Album Reviews

Muddy Gurdy

Muddy Gurdy

Artist:     Muddy Gurdy

Album:     Muddy Gurdy

Label:     Vizztone

Release Date:     02.02.2018

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The blues had yet another baby, and they called it Muddy Gurdy. Quite the beauty she is, too, crying her tunes straight from the hearts of people, and the souls of places. Though just marginally credited by name, Muddy Gurdy originated with the French trio, Hypnotic Wheels. Comprised of singer/guitarist Tia Gouttebel, percussionist Marc Glomeau, and Gilles Chabenat on the coil-on-strings hurdy-gurdy (thus, the band’s name), all three possess unbounded vision besides sheer talent.

Always inspired by the blues, they decided that for their second album, a first-hand experience in Mississippi was in order. Focused on the absolutely hypnotic music played vibrantly by the kinfolk of legends R.L. Burnside, Junior Kimbrough, Othar Turner, and James “Son” Thomas, they cut these blues “field-style” with Cedric Burnside, Cameron Kimbrough, Pat Thomas, and Sharde Thomas. The results arouse all kinds of emotion.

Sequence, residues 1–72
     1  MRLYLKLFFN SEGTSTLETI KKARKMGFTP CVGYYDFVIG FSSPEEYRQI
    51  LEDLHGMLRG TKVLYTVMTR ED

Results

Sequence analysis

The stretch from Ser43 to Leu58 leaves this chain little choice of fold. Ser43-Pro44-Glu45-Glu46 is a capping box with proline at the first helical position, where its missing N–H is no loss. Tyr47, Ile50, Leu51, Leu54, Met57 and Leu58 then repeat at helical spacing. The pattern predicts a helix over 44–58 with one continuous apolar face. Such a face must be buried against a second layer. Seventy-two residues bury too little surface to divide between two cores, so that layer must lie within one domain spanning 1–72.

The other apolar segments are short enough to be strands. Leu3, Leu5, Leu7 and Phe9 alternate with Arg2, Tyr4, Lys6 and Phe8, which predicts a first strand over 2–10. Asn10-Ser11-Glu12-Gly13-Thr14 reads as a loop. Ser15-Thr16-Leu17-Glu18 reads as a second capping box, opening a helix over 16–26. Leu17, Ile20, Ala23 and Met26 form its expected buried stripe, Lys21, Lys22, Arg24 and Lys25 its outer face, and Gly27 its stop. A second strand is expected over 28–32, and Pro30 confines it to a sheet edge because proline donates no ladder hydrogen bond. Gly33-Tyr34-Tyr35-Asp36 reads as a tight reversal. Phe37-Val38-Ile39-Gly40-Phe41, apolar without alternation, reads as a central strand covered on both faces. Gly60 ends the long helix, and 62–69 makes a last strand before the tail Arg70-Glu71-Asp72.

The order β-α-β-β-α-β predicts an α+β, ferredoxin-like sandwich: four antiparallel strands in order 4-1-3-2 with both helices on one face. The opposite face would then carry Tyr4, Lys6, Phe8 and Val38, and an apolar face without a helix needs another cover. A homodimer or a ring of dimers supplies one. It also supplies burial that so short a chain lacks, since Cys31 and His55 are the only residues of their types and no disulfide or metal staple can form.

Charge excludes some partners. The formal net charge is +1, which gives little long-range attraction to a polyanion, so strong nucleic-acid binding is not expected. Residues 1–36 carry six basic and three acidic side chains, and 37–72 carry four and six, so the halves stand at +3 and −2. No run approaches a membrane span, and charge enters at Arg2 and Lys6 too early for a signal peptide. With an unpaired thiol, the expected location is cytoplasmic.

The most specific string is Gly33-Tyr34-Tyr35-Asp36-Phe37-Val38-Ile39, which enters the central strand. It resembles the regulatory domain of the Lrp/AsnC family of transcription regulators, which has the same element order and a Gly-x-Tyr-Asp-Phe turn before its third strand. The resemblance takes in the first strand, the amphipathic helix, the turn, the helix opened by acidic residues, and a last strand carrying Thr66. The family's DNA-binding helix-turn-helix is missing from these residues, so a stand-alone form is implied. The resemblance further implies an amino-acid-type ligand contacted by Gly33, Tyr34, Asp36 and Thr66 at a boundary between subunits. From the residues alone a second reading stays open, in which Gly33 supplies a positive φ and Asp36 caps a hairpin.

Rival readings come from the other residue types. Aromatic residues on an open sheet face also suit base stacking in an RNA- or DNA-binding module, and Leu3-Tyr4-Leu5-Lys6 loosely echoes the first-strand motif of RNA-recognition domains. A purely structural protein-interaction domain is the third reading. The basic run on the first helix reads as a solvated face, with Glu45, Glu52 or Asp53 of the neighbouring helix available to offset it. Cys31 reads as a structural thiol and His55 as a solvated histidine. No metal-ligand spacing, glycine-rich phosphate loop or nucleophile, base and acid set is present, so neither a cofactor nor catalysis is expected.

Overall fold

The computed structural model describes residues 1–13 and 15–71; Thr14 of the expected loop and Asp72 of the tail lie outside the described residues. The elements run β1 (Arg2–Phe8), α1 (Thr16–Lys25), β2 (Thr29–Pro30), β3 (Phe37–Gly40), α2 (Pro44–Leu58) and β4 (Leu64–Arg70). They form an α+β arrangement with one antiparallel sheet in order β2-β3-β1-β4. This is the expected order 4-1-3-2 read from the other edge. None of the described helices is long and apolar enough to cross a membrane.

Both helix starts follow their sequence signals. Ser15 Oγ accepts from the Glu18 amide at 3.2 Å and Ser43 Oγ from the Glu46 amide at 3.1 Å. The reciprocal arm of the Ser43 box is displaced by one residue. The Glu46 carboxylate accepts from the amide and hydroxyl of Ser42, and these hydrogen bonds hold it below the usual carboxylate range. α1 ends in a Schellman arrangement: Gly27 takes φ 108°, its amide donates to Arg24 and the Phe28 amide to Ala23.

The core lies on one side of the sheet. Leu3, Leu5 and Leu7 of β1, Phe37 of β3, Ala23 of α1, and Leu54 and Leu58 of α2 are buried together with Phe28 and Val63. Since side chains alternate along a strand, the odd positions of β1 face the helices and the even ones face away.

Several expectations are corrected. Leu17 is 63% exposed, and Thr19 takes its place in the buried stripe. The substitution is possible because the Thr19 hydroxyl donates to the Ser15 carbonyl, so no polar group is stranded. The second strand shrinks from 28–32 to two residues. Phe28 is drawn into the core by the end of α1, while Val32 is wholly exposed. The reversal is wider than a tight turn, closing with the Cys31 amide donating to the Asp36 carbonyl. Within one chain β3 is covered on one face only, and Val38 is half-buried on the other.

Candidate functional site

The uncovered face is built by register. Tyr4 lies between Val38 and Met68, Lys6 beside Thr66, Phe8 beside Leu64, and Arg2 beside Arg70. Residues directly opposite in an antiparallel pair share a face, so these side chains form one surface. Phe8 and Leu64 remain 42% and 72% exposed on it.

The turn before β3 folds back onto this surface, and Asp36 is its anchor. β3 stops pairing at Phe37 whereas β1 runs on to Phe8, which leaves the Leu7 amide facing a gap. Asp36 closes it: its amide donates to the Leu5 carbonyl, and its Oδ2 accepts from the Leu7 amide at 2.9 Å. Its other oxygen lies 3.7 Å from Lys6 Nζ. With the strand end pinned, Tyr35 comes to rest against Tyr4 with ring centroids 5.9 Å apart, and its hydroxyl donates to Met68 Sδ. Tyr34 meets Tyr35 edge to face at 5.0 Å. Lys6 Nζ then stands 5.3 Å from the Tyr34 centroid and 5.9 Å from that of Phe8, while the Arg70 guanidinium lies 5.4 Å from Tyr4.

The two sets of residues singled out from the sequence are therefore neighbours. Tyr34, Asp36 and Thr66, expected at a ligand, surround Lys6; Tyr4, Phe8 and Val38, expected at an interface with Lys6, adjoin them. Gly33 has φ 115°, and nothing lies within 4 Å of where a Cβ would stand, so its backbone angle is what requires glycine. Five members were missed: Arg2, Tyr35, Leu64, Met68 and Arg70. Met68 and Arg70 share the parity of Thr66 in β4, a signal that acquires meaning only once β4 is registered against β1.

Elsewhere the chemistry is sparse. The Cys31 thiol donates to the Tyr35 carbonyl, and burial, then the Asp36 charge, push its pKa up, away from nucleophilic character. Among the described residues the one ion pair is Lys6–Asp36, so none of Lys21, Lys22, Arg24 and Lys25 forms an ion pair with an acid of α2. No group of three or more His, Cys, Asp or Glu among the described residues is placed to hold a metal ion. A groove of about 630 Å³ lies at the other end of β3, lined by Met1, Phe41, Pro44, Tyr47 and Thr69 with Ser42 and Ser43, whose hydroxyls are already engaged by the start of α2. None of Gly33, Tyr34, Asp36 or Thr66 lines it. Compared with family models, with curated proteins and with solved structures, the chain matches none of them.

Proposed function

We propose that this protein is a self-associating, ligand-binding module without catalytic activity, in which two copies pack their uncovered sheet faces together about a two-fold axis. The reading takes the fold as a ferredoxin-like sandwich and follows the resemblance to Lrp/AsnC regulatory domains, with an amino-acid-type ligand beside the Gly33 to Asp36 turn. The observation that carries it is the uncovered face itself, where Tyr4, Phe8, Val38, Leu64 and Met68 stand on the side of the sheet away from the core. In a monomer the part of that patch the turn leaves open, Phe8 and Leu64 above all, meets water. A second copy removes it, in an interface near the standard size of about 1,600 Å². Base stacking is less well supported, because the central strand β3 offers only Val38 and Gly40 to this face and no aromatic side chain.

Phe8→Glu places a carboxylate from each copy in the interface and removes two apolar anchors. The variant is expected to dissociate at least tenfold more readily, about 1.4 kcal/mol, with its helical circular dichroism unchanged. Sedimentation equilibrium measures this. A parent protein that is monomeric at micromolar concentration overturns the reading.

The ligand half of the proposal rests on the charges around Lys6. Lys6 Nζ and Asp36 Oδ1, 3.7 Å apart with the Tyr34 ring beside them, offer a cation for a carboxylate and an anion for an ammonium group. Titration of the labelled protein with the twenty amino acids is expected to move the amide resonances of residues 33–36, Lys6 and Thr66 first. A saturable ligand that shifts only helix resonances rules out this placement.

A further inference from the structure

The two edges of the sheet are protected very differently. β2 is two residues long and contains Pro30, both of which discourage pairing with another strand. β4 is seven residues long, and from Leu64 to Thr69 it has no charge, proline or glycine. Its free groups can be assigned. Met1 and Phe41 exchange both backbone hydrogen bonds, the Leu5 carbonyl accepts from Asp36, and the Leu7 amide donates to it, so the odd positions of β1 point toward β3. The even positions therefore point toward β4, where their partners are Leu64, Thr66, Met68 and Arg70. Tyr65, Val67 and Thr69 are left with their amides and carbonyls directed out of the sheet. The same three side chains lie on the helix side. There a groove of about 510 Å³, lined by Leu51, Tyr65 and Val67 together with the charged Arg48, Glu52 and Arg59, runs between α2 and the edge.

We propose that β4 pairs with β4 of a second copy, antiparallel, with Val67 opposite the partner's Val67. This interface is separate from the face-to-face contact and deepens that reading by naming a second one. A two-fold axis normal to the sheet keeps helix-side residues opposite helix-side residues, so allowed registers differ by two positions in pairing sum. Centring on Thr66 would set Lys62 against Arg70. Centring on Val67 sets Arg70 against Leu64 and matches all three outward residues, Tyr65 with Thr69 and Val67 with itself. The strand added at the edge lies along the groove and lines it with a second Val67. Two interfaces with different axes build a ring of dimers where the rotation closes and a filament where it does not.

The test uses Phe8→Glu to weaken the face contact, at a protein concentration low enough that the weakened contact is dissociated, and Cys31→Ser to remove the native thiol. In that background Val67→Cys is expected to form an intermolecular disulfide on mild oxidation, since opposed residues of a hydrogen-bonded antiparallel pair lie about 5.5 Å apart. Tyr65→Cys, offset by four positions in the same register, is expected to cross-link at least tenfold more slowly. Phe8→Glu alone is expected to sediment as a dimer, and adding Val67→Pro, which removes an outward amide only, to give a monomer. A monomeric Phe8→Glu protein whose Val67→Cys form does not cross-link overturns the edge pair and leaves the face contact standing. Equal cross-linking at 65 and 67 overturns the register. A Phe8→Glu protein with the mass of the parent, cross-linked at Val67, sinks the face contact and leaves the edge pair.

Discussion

The hurdy-gurdy emits a tone right at home in these rural environs, akin to an off-kilter fiddle mimicking a scraped guitar one second, and perhaps an ancient organ wash the next. The first spin of the album may elicit a glance around the room until the realization hits that it’s “Tia In The Rocking Chair,” at night among the crickets, delicate refrains of “Goin’ Down South” escaping her lips. Then the tough strains of R.L.’s requiem for the virtues of his home hit full-force, North Mississippi-style, but with a touch of—dare I say—class. Gouttebel brings it, along with Cedric Burnside, the two crocheted together like a warm electric blanket. Cedric’s own “That Girl is Bad” follows the tradition, a jumpy blues that bemoans a lover, albeit with humor. On the traditional “Glory Glory Hallelujah,” the Wheels, with Sharde Thomas on the porch of the Moon Hollow Farm, replicate the sound of her granddaddy Othar Turner’s fife and drum blues with outright glory. Kimbrough evokes the marching beats of his granddad at the same session, on Junior’s “Leave Her Alone.” Hypnotic Wheels alone close the album, covering Jesse Mae Hemphill (“She Wolf”), Fred McDowell (“Shake ‘em on Down”), and the traditional “Highway 61,” all with incredible spirit at the famed Dockery Farms.

These punchy, wonderful recordings not only propagate the blues. They enrich its character, and most importantly, its significance.

—Tom Clarke

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